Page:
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Ayre’s ambitions are bad news for the Premier League

October 12, 2011

The socialism I believe in is everyone working for each other, everyone having a share of the rewards. It’s the way I see football and the way I see life.” – Bill Shankly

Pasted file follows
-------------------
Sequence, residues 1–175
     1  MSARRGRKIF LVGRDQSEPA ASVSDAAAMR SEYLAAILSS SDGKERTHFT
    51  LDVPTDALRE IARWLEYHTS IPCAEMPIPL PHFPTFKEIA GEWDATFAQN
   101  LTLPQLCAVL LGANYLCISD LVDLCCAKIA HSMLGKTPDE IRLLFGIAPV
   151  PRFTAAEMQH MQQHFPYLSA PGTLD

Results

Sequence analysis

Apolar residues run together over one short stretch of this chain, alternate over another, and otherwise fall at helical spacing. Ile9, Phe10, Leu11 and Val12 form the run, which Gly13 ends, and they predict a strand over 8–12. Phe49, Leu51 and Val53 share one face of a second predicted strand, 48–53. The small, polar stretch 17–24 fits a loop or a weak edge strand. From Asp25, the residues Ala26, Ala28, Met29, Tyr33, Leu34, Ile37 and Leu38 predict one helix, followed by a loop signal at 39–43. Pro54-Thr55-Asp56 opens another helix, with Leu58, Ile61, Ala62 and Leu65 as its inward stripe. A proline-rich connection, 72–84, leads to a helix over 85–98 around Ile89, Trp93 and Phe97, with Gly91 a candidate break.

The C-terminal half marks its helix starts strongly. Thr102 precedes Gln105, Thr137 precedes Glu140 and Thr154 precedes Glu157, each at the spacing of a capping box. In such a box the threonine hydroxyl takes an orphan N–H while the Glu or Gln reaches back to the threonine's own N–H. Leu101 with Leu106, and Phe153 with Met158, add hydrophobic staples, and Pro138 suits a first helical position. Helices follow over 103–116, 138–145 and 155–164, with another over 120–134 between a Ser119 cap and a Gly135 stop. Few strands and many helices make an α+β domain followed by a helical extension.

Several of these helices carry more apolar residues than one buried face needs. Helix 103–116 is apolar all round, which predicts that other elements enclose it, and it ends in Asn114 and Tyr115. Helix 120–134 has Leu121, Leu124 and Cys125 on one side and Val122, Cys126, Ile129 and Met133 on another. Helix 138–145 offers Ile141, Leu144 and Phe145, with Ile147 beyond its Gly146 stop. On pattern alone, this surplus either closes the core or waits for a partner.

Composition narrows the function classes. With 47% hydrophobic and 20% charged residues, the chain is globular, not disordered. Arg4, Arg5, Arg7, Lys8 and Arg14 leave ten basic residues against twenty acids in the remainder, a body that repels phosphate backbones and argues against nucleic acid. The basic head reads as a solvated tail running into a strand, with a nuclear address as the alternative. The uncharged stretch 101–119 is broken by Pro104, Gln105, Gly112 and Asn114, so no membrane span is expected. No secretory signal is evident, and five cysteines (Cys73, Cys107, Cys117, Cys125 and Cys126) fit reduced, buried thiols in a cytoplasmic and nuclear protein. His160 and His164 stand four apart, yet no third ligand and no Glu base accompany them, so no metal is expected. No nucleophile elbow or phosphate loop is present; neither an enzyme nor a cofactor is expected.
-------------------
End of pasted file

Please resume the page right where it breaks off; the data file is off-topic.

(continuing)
Football has changed significantly since Bill Shankly hoisted Liverpool to domestic superiority. Even in the era of the ever-expanding Premier League though, the game has not become a totally anarchic, lawless affair. The strongest sides do not yet have everything their own way. True, the concentration of capital among an elite band of sneering titans cannot be denied, but certain conditions have remained which at least pay lip service to the belief that the smaller teams matter. Now Liverpool are seeking to undermine one such condition – the collective selling of Premier League TV rights. Supporters of the league’s business model have pointed to this arrangement as evidence that it is as much a socialist construction as one of the free market. There is a painful irony to the fact that Shankly’s club appears so willing to lead the campaign for further elite enrichment.